At UT, One of the projects that came out of those meetings is an effort to make city infrastructure safer for all Austin residents and visitors. Visual sensors will be added to city fleets such as garbage trucks to detect infrastructure repair needs that may have gone unnoticed before. It’s an interdisciplinary effort that will involve departments from multiple schools, and technology is only one concern of many, says Christelle.

“The team has intentionally been built thinking how it impacts people with different socioeconomic backgrounds and ensures fairness and protects privacy for people in these neighborhoods. The social impacts are considered alongside and at the same time as the project planning with the people that are working in computer science and robotics.”

5) Create projects that show the value of PIT

COVID-19 pushed universities into the public eye, showing just what public collaborations can provide. PIT-focused researchers and students at the Heinz College of Information Systems and Public Policy at Carnegie Mellon University this spring created a dashboard that helped the state of Pennsylvania determine the best time to ease restrictions and re-open the economy.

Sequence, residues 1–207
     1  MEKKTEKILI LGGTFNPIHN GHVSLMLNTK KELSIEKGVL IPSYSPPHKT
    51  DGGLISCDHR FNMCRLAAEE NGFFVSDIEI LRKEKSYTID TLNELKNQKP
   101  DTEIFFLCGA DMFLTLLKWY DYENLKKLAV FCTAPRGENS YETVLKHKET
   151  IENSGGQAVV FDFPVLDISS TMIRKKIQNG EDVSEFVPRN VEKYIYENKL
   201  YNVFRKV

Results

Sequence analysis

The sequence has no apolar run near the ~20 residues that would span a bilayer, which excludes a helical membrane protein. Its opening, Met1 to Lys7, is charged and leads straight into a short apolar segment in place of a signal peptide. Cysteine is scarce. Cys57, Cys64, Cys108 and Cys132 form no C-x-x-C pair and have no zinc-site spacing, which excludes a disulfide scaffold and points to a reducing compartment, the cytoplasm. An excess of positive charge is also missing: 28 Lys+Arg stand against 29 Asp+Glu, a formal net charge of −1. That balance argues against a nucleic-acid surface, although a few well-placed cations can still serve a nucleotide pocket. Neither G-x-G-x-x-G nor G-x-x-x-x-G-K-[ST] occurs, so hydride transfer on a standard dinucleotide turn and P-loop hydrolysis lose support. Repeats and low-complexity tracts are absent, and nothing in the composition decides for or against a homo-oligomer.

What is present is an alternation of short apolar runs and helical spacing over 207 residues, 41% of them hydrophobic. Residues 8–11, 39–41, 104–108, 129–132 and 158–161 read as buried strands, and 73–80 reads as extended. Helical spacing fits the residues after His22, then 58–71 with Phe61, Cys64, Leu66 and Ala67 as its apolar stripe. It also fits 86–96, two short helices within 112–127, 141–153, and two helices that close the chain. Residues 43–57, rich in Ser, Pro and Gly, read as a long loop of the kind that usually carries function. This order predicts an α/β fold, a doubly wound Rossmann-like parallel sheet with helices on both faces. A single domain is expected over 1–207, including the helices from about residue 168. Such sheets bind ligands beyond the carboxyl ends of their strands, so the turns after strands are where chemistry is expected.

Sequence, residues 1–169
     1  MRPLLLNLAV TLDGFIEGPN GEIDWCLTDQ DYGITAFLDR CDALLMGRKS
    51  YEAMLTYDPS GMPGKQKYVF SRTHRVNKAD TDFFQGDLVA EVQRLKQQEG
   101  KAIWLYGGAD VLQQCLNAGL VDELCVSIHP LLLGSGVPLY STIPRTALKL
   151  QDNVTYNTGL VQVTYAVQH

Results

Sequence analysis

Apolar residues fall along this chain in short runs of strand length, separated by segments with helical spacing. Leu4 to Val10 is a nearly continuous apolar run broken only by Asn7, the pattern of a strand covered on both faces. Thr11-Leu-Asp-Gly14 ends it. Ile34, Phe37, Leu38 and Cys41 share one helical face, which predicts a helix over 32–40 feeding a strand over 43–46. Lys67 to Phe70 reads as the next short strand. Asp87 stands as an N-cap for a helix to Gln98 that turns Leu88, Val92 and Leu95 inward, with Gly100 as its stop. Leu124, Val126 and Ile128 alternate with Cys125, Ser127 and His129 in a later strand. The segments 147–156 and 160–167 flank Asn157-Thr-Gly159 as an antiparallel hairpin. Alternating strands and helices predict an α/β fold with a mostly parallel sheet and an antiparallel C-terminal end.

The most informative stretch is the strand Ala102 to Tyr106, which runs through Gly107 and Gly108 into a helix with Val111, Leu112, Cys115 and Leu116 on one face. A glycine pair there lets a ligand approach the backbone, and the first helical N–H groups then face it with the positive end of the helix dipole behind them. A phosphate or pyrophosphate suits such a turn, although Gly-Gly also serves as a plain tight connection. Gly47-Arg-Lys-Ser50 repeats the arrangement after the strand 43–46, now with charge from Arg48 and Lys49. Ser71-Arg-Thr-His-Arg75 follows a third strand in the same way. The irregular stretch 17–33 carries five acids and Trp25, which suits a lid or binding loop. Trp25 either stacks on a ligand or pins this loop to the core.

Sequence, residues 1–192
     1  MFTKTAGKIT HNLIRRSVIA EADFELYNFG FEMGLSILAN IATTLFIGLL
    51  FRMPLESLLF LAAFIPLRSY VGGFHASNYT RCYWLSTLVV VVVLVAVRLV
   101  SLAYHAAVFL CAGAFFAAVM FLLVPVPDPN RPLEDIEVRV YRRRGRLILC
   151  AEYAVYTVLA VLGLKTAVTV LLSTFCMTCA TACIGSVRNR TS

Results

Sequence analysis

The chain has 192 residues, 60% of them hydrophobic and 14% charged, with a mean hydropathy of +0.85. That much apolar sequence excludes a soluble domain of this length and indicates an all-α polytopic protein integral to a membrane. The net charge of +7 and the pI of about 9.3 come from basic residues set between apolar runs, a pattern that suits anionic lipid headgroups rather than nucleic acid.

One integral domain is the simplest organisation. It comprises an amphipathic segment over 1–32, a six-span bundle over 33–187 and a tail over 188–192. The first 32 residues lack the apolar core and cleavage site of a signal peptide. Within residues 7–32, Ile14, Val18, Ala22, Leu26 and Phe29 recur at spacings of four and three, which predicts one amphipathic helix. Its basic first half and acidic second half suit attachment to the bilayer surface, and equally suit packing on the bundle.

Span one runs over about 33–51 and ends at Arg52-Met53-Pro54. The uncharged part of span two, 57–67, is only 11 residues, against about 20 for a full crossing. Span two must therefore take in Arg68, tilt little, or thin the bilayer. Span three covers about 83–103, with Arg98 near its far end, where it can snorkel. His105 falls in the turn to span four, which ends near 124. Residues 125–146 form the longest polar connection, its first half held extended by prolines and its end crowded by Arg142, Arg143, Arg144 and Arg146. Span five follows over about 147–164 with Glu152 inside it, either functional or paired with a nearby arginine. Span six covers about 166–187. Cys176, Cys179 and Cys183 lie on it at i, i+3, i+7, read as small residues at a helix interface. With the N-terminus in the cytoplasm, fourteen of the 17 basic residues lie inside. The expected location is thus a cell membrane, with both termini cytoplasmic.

The school’s approach is a suite of tools that can aggregate and translate disparate worker and clinical-level datasets into relevant health and economic indicators in order to effectively inform decision making, says Ramayya Krishnan, the school’s dean as well as a professor of Management Science and Information Systems at Heinz College and the Department of Engineering and Public Policy at Carnegie Mellon University.

“One of the things that they were interested in was to find out if and when we opened up counties, what are the likely implications in terms of adequate health care? Do we have adequate facilities to deal with the fact that more people are going to go to work and likely then be exposed to the disease? These risk indices were a key element of coming up with a strategy to support the governor and his office.”